What emerging leaders do differently?!

Source: Harvard Business Review
How will the next generation of leaders shape business? What are their values, and how are they prioritizing the challenges and opportunities before them? Harvard Business Review reported of a survey of 500 students from top U.S. Business Schools wehereby 80% of MBA students surveyed believe that this generation views leadership differently from previous generations.

Young leaders are helping to drive the convergence of the private, public, and nonprofit sectors. Majority of them have worked in all 3 sectors and borrowing best practices from all three, young leaders hope to combine their diverse interests to create meaningful impact.

This generation values global work experience, whether that means taking a job at a multinational, working abroad for an NGO, or starting their own venture overseas. Survey respondents had already worked, on average, in three countries, and expected to work in four to five more within ten years of graduating from business school.

Young leaders value the strength of alternate perspectives. 92% agree that increased workplace diversity can lead to better business outcomes—especially diversity in gender, professional experience, and functional expertise. 


Source: Harvard Business Review
This generation realizes that they will never eliminate the trade-offs inherent in the traditional approach to sustainability unless they can find long-term solutions that benefit entire populations, not just wealthy niches. 64% agreed that the majority of corporations will support environmental sustainability and alternative energy over the next twenty years.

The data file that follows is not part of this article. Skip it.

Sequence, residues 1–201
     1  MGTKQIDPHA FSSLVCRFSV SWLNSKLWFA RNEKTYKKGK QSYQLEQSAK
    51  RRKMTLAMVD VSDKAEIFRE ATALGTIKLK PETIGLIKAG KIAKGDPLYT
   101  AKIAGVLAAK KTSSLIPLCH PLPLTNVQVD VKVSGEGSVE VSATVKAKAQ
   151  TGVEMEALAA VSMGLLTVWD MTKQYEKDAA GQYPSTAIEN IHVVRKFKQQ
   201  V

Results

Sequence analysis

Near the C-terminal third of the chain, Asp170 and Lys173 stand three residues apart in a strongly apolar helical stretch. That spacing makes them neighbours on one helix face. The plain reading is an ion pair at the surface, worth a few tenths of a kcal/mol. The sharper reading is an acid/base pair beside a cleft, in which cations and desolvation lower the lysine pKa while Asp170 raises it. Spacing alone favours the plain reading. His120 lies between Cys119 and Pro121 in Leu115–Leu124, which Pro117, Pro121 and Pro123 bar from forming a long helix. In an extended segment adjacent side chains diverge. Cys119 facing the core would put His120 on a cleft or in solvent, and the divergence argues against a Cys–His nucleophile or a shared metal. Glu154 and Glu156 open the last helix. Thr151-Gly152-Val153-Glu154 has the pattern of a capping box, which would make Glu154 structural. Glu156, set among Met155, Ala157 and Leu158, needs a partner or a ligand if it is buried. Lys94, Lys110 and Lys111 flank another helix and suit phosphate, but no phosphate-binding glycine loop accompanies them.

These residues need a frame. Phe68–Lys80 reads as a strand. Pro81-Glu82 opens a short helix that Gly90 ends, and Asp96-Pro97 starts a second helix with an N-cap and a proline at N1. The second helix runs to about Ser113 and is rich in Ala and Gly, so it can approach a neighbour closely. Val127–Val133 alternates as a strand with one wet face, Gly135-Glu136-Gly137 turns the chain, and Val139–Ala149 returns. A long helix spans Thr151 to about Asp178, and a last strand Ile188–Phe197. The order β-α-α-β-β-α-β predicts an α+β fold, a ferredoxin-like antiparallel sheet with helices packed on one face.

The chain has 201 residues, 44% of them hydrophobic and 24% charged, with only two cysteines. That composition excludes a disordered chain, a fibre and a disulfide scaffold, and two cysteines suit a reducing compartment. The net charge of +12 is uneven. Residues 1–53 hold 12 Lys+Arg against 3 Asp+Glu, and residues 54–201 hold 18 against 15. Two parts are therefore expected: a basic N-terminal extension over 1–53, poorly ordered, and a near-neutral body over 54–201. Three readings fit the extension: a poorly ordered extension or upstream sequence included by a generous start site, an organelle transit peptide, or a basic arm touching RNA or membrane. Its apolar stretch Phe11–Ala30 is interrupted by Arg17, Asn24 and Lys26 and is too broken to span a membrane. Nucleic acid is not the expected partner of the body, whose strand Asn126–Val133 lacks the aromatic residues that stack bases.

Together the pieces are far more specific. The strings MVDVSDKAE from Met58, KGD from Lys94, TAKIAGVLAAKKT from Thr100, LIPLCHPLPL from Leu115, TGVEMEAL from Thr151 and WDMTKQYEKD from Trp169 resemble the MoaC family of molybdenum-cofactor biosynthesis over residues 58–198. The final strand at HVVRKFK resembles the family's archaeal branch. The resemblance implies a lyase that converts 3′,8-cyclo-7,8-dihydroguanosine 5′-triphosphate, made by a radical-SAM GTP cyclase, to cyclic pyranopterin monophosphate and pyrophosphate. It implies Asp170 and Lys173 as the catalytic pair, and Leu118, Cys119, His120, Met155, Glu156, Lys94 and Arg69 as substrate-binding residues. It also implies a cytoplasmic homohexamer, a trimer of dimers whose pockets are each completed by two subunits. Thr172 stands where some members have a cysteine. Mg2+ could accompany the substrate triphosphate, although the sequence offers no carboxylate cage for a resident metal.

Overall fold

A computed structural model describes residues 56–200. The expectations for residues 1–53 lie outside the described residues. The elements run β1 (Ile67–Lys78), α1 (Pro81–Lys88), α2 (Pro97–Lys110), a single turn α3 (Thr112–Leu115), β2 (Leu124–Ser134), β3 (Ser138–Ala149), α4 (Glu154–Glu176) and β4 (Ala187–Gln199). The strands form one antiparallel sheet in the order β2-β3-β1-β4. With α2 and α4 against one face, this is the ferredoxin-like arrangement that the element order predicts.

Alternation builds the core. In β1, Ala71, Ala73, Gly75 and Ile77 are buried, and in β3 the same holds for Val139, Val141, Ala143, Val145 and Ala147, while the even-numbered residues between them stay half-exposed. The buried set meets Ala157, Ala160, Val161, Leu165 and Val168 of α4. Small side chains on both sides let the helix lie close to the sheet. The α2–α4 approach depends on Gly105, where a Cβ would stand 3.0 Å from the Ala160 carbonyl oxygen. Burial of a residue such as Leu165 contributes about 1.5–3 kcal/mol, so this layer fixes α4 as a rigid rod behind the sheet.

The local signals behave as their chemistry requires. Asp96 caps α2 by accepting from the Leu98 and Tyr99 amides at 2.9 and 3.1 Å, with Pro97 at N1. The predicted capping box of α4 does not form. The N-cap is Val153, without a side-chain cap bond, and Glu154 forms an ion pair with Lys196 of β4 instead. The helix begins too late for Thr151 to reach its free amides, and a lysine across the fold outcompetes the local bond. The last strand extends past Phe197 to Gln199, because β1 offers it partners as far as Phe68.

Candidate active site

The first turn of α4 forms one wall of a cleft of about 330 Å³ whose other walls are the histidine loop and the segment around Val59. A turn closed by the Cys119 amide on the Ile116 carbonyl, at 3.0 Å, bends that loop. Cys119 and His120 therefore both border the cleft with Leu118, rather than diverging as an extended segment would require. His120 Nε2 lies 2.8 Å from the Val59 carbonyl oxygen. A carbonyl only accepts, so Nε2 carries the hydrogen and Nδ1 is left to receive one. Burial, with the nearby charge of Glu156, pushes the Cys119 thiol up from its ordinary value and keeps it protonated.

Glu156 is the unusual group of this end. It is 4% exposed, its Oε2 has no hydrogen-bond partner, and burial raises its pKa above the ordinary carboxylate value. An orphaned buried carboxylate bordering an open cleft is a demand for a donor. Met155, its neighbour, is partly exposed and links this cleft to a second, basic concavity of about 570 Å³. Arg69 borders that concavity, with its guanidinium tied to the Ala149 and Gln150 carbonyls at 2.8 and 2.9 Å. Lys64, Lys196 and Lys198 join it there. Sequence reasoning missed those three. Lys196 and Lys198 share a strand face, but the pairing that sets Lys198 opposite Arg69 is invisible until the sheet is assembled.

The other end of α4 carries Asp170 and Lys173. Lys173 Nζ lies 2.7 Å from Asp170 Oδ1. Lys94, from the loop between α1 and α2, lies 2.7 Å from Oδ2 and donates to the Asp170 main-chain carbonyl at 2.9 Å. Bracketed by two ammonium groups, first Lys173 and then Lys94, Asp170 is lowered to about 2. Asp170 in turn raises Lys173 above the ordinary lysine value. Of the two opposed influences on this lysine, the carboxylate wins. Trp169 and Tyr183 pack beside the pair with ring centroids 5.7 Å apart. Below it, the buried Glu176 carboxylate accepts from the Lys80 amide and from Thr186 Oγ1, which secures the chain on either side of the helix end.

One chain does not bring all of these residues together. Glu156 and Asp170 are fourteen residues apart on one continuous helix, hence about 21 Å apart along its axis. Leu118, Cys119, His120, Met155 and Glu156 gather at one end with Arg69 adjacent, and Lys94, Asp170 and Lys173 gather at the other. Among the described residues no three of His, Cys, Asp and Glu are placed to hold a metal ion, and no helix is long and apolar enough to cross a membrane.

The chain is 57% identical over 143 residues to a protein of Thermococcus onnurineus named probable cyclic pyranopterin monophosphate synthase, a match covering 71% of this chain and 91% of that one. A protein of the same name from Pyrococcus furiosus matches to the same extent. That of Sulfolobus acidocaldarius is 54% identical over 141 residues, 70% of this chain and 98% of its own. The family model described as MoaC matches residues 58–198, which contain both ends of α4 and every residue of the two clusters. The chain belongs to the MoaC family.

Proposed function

Young leaders are self-taught technology experts. Of today's promising technologies, tomorrow's leaders are banking most on the power of mobile: a plurality of today's young leaders see mobile as the critical business technology (40.6%), versus cloud computing (12.5%), social media (10.8%), clean energy (9.8%), and business analytics (9.4%).

Young leaders are embracing new ways of learning. After all, they're preparing themselves for jobs that probably haven't been invented yet. Perhaps that's why survey respondents cited intellectual challenge as the most important reason for choosing a job—significantly more important than compensation or prestige.




Coutesy: Harvard Business Review